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Democratic National Committee chair Tom Perez during a radio interview with The Nevada Independent at the ESPN Deportes studio on Monday, Aug. 6, 2018. (Jeff Scheid/The Nevada Independent)

Democratic National Committee Chair Tom Perez acknowledges that the 2016 Nevada presidential caucus to convention process was less than smooth. But he’s hopeful that newly implemented changes to the caucus process in the Silver State will bring the party together as Democrats prepare to select a presidential nominee next year.

In a recent interview for the IndyMatters podcast, Perez pointed to changes that the state and national party are making  — including allowing virtual caucusing and early voting — as indicative of the party’s effort in the last couple of years to be more inclusive and, by extension, smooth over old wounds. The 2016 caucus to convention process in Nevada was fraught with controversy, including allegations by supporters of Vermont Sen. Bernie Sanders that the party was biased in favor of former Secretary of State Hillary Clinton and death threats against the state party chair.

“I'm certainly well aware of the serious challenges from the 2016 process, and that's why we got right to work in the beginning of 2017 shortly after my election to listen, learn, build a very large inclusive table,” said Perez, who was previously labor secretary in the Obama Administration. “I think there's a mutual understanding that we had to improve from 2016. There's a mutual understanding that we want to make it easier for people to participate.”

Perez promised a “qualitatively different and better” experience on caucus day, which in Nevada is on Feb. 22, 2020, and said that the caucus “is going to be used in the future as a model across America of how to expand participation and how to ensure inclusion.”

“I think we all understand that we had healing to do, and the way you heal is to build an inclusive table, to listen and learn from your experiences from mistakes and to build a blueprint for success that enables everybody to participate and everyone to feel like their candidate got a fair shake and everyone to feel like their own voice was heard,” Perez said. “And I think that's what's going to happen in 2020.”

But he said that only time will tell whether the changes, which also include diminishing the role of superdelegates in the nominating process, will be enough to allay concerns that the 2016 process wasn’t grassroots enough.

“I think so, and I hope so,” Perez said.

The DNC chair also shrugged off concerns that Nevada’s importance in selecting a Democratic presidential nominee will be diminished by the fact that early voting in California, a Super Tuesday state, will overlap with early state caucuses and primaries.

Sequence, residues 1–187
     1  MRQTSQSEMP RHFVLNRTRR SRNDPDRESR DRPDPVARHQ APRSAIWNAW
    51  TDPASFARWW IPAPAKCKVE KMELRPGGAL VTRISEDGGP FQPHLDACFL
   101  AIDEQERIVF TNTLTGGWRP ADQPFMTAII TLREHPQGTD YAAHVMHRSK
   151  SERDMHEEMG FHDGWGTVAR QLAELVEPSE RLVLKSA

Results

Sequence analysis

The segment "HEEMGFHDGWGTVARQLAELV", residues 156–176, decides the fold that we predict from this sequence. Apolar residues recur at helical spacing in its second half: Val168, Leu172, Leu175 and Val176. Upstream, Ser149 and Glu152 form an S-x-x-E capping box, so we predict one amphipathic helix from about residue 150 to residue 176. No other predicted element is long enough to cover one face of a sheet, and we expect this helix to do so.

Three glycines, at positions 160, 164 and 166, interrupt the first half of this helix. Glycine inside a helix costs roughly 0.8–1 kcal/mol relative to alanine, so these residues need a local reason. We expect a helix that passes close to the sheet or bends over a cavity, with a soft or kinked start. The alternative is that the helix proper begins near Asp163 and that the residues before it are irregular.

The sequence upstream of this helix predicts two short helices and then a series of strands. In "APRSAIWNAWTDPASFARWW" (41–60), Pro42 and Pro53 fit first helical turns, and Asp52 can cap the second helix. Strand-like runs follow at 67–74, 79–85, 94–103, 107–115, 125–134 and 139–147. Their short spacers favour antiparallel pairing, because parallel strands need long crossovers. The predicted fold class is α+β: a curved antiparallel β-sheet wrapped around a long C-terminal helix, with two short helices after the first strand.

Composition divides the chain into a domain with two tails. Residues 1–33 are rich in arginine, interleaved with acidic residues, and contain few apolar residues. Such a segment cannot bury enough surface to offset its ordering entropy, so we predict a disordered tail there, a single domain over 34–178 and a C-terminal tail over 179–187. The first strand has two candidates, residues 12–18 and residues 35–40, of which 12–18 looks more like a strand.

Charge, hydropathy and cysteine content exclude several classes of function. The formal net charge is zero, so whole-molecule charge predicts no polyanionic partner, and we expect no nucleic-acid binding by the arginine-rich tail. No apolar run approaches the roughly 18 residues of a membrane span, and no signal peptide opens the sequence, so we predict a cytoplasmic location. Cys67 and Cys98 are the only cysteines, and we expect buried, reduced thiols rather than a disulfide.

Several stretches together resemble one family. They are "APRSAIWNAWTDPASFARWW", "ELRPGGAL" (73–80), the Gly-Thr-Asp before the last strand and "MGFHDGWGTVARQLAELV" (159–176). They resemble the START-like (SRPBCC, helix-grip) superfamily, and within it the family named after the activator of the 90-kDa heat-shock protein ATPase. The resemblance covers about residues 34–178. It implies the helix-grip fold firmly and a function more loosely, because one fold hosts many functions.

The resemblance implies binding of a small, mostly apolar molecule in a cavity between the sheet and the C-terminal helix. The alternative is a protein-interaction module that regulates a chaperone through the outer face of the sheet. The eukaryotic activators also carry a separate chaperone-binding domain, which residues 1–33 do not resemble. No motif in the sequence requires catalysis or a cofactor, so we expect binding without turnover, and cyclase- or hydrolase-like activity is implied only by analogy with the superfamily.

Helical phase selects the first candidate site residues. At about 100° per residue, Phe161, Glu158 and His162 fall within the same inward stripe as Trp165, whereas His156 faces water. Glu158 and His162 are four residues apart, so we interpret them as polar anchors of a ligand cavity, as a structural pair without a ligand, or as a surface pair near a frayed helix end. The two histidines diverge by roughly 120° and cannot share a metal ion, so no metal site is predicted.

“I think you will have all eyes on Nevada in the same way you have in previous cycles because of the simple reason that Nevada truly does reflect America in so many respects — a strong union density on the Strip and elsewhere, really important rural pockets of the state, a remarkable diversity,” Perez said.

Though Nevada is increasingly being viewed as a lean blue state, Perez said Democrats won’t take their recent victories here for granted, pointing to the party’s year-round operation as key to the party’s recent successes here. In the 2018 midterm election, Democrats took the governor’s mansion, won a competitive U.S. Senate race, held onto two in-play House seats, secured a supermajority in the state Assembly and won a near-supermajority in the state Senate.

“They've understood that you have to invest every year and you must ensure — and this is the motto of not only the Nevada party, but the DNC — we must work to elect Democrats up and down the ticket,” Perez said.

Still, Perez promised ongoing investment from Democrats nationally in the lead-up to the 2020 election. He said that the Democratic Party has purchased over a hundred million cell phone numbers in the last two years nationwide and distributed them to state parties, including about half a million in Nevada.

President Donald Trump lost Nevada by 2.4 percentage points in 2016, but Trump campaign officials aren’t willing to cede the state, instead touting an economic message they believe will resonate with voters here. But Perez is skeptical.

“The economy's working great for people like Donald Trump. For everybody else, they're wondering what's going to happen if they have to go to the doctor and they have diabetes because the Republicans want to take away your health care,” Perez said. “This president promised change and boy, people have gotten change, but it's not the change that has improved their lives.”

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